Housing Policy Contradictions in Ghana?

In 2015, a new National Housing Policy was promulgated after over 3 decades of policy vacuum (since the 1970s despite piece-meal attempts to recognise housing in some policy documents by succeeding Governments). Two of the policy objectives are:

1. To promote greater private sector participation in housing delivery;

2. To create an environment conducive to investment in housing
for rental purposes.

Policy initiatives to achieve the objectives include:

1. Provide fiscal and monetary incentives for increased private sector investment in housing infrastructure for those benefitting lower-income households. The details of these incentives are contained in the country’s investment code.

2. Review the Rent Act, Act 220 (1963) to streamline rent regulations and empower the Rent Department to encourage investments in the construction of rental housing as well as the protection of vulnerable households from abuse by house owners. 

While the Government has embarked on some laudable housing projects in some respect directly and in partnership with the private sector, the effect of two major Government actions on the nation’s ability to achieve these objectives require some careful analysis.

1. RENT TAX

The Income Tax Act, 2015 (ACT 896) introduces a RENT TAX – 8% in the case of RESIDENTIAL PREMISES and 15% in respect of COMMERCIAL PREMISES of the gross rent paid to Landlords/landladies – to be withheld by tenants and remitted to the Ghana Revenue Authority. Rent tax reduces investors cashflow and increases risk, which could make housing investment relatively unattractive.

2. REVIEW OF RENT ACT, 1963, (ACT 220)

There is a move to review the Rent Act in recent times. One of its propositions according to the Deputy Minister for Housing, Mr Sampson Ahi, is the reduction in the rent advance period from 6 months to 1 month. Already, most landlords require on average 2 years rent advance in the major cities because the 6 month rent advance may not be worth their investment. From an investment perspective, rent advance is a mechanism to reduce investors’ risk and increase their initial yield, to help them recoup upfront some portion of the substantial investment they have made in housing. A reduction in the rent advance period increases investors’ risk and reduces their initial yield, which make housing investment relatively unattractive.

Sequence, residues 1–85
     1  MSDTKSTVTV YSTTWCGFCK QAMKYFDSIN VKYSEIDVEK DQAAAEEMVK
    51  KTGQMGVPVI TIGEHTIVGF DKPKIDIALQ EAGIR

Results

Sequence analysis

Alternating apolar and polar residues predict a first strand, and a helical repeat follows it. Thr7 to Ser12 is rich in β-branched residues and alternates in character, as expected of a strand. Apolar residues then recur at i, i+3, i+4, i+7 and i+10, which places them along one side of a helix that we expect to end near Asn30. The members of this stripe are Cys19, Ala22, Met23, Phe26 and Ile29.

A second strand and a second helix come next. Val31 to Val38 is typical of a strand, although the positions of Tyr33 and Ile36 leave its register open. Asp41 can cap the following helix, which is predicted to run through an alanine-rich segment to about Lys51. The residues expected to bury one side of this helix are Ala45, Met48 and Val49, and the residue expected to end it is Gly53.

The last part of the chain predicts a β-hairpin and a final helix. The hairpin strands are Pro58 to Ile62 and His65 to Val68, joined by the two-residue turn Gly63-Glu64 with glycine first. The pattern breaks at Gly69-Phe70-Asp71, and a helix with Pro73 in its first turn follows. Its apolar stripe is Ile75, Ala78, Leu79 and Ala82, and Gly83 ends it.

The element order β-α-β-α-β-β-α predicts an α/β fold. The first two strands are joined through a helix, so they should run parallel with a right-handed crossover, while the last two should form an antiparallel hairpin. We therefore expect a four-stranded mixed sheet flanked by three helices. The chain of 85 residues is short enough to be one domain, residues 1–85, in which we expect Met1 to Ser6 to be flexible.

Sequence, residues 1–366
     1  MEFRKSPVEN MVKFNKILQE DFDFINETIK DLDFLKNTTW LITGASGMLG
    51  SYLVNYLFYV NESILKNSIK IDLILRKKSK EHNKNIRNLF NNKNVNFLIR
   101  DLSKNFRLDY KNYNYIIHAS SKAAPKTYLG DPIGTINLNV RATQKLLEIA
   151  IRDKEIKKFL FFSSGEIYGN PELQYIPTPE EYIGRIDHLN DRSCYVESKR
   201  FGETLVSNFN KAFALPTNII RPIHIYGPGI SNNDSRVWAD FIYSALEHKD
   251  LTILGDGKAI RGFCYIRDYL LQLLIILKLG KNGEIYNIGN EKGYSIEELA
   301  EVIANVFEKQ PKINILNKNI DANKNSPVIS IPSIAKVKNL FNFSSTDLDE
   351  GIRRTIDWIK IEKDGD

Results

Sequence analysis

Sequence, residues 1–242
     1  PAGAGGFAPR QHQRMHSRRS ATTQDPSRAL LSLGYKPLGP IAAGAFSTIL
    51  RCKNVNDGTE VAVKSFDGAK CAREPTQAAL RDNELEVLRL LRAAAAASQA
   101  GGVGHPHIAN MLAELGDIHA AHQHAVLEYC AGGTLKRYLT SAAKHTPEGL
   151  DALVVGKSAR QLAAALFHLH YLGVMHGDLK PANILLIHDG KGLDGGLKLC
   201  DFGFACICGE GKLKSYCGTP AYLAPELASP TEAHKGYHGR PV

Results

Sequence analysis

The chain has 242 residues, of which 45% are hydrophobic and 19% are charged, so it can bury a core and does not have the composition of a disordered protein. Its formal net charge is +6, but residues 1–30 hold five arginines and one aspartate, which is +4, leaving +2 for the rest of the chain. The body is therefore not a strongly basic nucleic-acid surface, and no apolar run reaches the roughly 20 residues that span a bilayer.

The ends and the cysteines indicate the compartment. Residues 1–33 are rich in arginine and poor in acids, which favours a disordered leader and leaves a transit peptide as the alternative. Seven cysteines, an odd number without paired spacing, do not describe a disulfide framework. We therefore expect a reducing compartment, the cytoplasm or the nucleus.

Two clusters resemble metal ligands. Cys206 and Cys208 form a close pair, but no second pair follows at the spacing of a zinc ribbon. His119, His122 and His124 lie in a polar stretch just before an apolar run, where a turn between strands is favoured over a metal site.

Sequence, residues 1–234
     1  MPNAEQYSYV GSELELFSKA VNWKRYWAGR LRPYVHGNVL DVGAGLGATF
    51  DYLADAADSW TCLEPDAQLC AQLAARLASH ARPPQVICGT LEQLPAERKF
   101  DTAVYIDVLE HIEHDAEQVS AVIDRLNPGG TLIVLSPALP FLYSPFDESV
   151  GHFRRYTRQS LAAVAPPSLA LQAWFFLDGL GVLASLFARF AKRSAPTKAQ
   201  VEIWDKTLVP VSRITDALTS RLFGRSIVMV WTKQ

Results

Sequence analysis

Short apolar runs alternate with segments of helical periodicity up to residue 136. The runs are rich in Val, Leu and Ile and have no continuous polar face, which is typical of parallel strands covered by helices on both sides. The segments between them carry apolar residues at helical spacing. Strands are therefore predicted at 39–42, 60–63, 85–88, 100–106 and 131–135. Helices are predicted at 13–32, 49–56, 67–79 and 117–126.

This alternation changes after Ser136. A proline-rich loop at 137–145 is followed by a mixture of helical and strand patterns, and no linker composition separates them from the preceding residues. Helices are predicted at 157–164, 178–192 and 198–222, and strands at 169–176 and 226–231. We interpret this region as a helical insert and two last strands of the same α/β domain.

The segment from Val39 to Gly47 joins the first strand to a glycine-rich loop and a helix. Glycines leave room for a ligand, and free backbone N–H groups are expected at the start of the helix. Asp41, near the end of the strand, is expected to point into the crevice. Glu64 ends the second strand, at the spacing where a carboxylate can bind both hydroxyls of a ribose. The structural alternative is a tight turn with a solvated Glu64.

Now, in spite of the need to rake in more revenue for Government, how and in what ways does a rent tax and a reduction in the rent advance period help to achieve the policy objectives of the new National Housing Policy?

Is the new National Housing Policy dead on arrival?

Kenneth A. Donkor-Hyiaman

Kenneth A. Donkor-Hyiaman

Dr Kenneth A. Donkor-Hyiaman is a Real Estate and Urban Economist and a Lecturer in Real Estate Finance and Real Estate Development at the Department of Land Economy, Kwame Nkrumah University of Science and Technology, Kumasi. kwakuhyiaman2@gmail.com +233(0)508043011

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